Is your backyard safe for child’s play?

The backyard is perhaps the biggest drawcard to bring young couples with children away from their trendy inner-city apartments to a family home in the suburbs. There is nothing more comforting than hearing your child playing happily in the yard, knowing they are safe and secure in a home environment. But how safe are the little ones really?

Quite frankly, the average backyard can be a dangerous place for a young child if the proper precautions are not taken before play gets underway. No one is suggesting that little Johnnie or Jane be kept indoors until they are old enough to drive, but that doesn’t mean a parent shouldn’t be a little wary and check for hidden dangers first.

Here are a few things to look out for before letting your children loose in the backyard.

Potential Fall Hazards

Where could my child possibly fall from in a backyard? You’d be surprised. School incident reports are full of examples where children have sustained injuries, sometimes quite serious, after falling from a seemingly inconsequential height in the playground. Children’s bones are still developing and quite brittle. Therefore it doesn’t take much of a fall to cause a serious break, concussion or other head injury. Look for potential climbing hazards such as low tree branches and climbable fences, and take steps to make them inaccessible to youngsters. Parents still concerned about climbing and fall hazards, and are looking for ways to eliminate the risks, could check out websites such as www.safeatheightsqld.com.au for more information.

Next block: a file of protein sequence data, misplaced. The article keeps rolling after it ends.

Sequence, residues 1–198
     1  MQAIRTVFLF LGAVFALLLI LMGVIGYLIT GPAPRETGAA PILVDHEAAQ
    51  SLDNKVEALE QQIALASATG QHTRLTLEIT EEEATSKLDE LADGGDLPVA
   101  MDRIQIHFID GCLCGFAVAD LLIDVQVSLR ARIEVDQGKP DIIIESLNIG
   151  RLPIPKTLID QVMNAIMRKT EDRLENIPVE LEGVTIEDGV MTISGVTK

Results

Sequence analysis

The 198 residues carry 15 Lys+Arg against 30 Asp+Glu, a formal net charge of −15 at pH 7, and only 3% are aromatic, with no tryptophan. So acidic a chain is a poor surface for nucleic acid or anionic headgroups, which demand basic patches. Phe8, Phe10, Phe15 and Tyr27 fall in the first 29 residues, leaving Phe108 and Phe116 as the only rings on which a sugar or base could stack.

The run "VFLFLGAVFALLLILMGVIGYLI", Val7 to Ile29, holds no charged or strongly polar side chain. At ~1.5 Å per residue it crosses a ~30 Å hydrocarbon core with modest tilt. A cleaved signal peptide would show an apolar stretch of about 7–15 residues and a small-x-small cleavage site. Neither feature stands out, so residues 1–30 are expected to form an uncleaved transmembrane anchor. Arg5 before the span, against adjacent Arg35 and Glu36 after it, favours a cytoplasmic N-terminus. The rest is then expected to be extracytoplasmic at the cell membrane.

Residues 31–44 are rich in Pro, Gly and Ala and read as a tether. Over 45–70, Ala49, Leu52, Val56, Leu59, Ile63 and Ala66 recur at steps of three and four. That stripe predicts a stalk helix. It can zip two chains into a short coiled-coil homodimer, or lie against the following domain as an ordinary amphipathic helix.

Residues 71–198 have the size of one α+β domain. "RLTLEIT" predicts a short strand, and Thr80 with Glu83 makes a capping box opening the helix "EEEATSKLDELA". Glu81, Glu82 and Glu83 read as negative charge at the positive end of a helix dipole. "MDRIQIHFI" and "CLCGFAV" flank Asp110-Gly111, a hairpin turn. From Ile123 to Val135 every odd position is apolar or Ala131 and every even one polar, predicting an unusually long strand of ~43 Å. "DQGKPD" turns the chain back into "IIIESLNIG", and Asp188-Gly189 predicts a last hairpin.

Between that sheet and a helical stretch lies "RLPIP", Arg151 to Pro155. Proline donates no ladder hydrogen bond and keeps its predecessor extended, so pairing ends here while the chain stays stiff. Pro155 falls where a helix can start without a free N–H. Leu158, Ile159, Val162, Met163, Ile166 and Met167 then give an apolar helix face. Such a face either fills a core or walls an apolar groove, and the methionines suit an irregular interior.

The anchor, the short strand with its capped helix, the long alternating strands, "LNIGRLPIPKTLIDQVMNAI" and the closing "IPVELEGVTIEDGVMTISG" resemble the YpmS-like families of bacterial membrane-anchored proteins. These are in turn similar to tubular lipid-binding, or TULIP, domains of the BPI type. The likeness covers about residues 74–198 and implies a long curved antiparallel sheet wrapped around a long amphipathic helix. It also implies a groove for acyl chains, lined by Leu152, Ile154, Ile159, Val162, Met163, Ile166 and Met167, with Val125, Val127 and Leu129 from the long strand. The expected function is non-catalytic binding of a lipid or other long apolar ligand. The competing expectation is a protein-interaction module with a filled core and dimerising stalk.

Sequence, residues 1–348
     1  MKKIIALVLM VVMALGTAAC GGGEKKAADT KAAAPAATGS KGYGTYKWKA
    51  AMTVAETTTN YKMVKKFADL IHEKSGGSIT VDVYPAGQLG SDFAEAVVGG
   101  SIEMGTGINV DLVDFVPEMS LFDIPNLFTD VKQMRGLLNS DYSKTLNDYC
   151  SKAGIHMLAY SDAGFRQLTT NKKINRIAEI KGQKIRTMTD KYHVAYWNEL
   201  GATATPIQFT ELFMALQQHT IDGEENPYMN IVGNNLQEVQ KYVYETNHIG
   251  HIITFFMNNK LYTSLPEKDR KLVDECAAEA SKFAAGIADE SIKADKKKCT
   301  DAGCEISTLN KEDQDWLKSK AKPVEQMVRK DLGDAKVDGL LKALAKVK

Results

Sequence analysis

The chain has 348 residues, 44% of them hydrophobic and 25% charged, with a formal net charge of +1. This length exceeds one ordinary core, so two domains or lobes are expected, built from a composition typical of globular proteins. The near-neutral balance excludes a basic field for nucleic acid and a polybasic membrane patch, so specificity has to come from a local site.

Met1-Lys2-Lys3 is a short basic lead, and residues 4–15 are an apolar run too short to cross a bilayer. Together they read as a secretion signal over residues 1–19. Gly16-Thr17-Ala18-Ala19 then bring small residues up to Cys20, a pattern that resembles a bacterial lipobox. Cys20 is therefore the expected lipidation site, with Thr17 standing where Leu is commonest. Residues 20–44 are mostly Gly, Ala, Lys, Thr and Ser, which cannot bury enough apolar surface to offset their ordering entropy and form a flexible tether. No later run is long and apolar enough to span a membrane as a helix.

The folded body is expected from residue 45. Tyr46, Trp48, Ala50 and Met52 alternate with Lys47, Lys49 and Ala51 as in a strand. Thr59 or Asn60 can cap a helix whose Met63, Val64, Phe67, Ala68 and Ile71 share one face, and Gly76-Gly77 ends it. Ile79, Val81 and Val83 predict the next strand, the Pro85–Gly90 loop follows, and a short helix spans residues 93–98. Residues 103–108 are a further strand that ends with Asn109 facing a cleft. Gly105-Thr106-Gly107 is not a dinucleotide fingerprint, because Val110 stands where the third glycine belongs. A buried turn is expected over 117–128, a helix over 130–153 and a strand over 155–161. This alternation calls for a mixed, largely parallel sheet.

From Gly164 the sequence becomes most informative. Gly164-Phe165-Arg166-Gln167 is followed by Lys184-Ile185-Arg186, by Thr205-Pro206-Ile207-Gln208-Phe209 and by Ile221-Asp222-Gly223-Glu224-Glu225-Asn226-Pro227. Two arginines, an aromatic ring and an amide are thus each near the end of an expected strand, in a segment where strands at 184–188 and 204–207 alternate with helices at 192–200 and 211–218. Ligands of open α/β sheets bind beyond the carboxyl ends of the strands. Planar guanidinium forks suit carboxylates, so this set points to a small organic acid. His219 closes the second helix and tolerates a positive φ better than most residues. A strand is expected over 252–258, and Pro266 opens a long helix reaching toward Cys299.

Drowning and Water Hazards

It takes only a few seconds for a child to slip away from adult supervision, find a water source and drown. Backyard swimming pools are the most common source of drowning for children, even though regulations in all jurisdictions require pools to be fully enclosed with child-proof fences. The dangers arise because people feel complacent with the fence and forget children can display incredibly ingenuity when they want to do something. If you have a pool, make sure there is nothing lying around in the yard a child could use as a step to open the gate or scale the fence. And it doesn’t have to be a full size pool to be a hazard, especially if the child is particularly young. Wading pools and buckets of water left around the yard also pose a potential drowning hazard to toddlers and babies.

Keep Fire at Bay

Fire pits are becoming a trendy accessory in suburban backyards, an ideal meeting place to gather around to share drinks and food with friends. But they can also be a hazard for the unwary and the very young. Never the leave the pit burning and unattended when young children are about. Children are attracted to the flames and it doesn’t take much for them to fall in. Even when the pit is not in use make sure it is securely covered so little ones can’t climb up and fall in. While the distance of the fall might not be great, it is easy to hit their heads on the edge of the pit and do themselves a serious injury.

The backyard is a great place for children to play, explore and learn about nature. But it is our responsibility as adults to run our eyes over the yard first to check for any dangers that may be lurking in the undergrowth. Do a check beforehand and make sure the children play it safe.

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